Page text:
Through following the excellent Guardian columnist David Conn I recently noticed the following tweet:
It was a sad day when Newcastle United announced Wonga.com as its sponsor in 2012. Even more depressing was its inevitability. With the number of professional football clubs entering into sponsorship deals with online gambling companies reaching a saturation point and the financial services products offered by clubs themselves being described as “an own goal” and the subject of a government inquiry, it was only a matter of time until a club jumped into bed with the most wretched of extractive and callous financial services providers: the payday lender. That Newcastle United struck a deal with Wonga was sensible inasmuch as it is the daddy of payday lenders. But the deal attracted critical column inches by the volume, including this article by Conn himself; even for a club as used to ridicule as Newcastle United it seemed a spectacular own goal. With the English north east comprising some of the UK’s most deprived communities it served to make professional football seem even more out of touch with and remote from the communities it purports to serve.
It is therefore reassuring to see that in the absence of any ethical u-turn by the club it is the independent supporters trust that is providing a moral lead by establishing its own credit union initiative that has received impressive political backing and with a club as well-supported as Newcastle United offers credit unions in the north east the potential for establishing a critical mass of members that taps into the allegiance and partizanship of football fans.
Glasgow for many years was the only part of the UK where credit union membership came close to emulating that in the Republic of Ireland; as such it was the beacon of hope and the benchmark for the credit union movement across the UK. It was also held up as an example of how ethical lending and borrowing could be made available to people on low incomes, with poor or no credit ratings and be accessible at the neighbourhood level. However, another less-publicised implication of having a critical mass of members, and crucially, savings was that credit unions in Glasgow were able to offer social loans to and investment in the sort of community development activity that helps sustain communities and address inequality that blights too many of them. In this way the Glasgow credit union movement was cited in the excellent 2005 Review of Overindebtedness (mentioned in previous blogs of mine) conducted by Welsh Assembly Member Huw Lewis as a role model for credit unions in Wales, albeit over the long-term, in making social and ethical finance available to Welsh communities. In turn it would reduce the reliance on public sector finance for community development activities and propagate greater independence from government for the community development sector as a whole. In Wales, this remains some way off.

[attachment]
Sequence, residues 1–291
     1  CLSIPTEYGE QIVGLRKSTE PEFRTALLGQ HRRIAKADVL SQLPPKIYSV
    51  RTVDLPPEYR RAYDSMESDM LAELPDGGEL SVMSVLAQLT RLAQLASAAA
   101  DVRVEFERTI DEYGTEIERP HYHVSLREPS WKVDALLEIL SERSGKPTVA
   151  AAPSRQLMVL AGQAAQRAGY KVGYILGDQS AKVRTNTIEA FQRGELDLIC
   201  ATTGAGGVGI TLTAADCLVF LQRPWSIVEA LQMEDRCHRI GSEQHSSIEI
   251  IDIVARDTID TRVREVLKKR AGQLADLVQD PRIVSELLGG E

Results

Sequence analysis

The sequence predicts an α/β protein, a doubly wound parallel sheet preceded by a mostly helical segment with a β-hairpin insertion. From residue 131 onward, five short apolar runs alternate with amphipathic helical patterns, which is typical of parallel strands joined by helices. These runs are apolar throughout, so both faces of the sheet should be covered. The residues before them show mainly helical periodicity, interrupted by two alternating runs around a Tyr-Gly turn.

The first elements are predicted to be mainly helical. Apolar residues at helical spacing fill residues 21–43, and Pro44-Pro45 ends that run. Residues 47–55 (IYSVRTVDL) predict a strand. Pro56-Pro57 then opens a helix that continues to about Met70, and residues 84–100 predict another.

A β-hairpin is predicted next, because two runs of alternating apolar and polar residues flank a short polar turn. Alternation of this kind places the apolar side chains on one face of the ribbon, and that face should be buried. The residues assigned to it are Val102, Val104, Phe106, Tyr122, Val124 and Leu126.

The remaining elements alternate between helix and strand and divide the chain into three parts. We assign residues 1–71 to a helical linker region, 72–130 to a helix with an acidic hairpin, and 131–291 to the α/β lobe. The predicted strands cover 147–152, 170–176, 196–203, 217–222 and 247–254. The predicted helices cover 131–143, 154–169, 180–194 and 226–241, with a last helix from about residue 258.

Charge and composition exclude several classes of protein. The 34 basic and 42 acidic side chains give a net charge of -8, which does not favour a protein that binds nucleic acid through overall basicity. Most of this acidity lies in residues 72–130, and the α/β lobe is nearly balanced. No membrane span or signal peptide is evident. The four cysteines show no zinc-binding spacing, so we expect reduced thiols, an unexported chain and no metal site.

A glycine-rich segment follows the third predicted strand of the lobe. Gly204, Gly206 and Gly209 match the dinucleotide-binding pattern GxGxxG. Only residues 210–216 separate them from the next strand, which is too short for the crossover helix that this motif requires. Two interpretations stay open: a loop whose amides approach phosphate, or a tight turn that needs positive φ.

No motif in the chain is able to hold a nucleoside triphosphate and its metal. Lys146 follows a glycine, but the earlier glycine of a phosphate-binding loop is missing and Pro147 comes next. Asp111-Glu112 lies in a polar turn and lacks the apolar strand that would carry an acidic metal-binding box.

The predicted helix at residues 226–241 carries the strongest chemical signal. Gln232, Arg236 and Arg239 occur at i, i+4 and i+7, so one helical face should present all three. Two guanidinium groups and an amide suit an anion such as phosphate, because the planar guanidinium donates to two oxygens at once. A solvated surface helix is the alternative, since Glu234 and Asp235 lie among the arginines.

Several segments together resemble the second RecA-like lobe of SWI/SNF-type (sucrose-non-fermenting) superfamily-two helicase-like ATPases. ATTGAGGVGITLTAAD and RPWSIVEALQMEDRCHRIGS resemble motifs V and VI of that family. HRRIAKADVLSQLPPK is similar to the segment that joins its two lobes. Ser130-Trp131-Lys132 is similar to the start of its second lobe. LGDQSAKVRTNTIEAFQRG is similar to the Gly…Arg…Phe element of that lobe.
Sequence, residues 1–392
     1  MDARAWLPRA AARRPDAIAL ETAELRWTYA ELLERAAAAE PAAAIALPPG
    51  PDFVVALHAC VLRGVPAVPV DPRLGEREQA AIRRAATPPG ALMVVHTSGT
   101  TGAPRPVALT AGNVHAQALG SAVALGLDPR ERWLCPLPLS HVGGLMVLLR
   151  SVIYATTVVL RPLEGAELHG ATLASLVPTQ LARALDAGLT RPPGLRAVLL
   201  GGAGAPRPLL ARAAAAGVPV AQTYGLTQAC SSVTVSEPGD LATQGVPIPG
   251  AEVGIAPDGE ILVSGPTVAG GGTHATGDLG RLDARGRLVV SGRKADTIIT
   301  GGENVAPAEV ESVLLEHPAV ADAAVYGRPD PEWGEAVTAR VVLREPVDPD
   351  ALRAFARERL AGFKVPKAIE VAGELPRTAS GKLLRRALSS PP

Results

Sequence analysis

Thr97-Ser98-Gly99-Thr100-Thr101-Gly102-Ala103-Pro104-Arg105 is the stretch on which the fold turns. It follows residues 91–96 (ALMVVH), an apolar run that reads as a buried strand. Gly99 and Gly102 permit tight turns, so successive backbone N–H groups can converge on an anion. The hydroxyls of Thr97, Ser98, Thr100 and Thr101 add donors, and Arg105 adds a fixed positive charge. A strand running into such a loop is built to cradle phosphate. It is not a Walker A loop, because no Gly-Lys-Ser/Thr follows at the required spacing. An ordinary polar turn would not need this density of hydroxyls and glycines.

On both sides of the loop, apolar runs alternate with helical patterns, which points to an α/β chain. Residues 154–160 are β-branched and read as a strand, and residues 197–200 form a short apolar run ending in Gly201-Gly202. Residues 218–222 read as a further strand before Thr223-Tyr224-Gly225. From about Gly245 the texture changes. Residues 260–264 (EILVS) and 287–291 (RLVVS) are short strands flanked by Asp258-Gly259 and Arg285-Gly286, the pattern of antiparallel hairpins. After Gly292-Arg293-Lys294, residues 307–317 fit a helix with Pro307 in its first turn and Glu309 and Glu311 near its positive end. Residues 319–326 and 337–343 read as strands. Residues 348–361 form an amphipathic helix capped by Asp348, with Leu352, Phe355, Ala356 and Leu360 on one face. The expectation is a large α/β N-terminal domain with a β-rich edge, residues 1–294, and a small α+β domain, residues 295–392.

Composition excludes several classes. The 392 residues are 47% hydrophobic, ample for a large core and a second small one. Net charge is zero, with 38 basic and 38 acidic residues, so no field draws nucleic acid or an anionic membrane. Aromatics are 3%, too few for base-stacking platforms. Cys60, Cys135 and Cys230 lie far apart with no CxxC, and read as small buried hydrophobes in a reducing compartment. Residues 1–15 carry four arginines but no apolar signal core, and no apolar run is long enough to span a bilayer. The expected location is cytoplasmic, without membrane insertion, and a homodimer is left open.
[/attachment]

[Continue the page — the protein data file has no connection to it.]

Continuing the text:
In Newcastle at least it is to be hoped that the new Newcastle United Supporters Trust credit union initiative can go some way to repairing the damage caused by the likes of Wonga and other payday lenders that extract so much money from less affluent communities. Wouldn’t it be nice to see junior Newcastle shirts sporting a logo related to this initiative given there will be space from the 2016-17 season with Wonga logos being removed?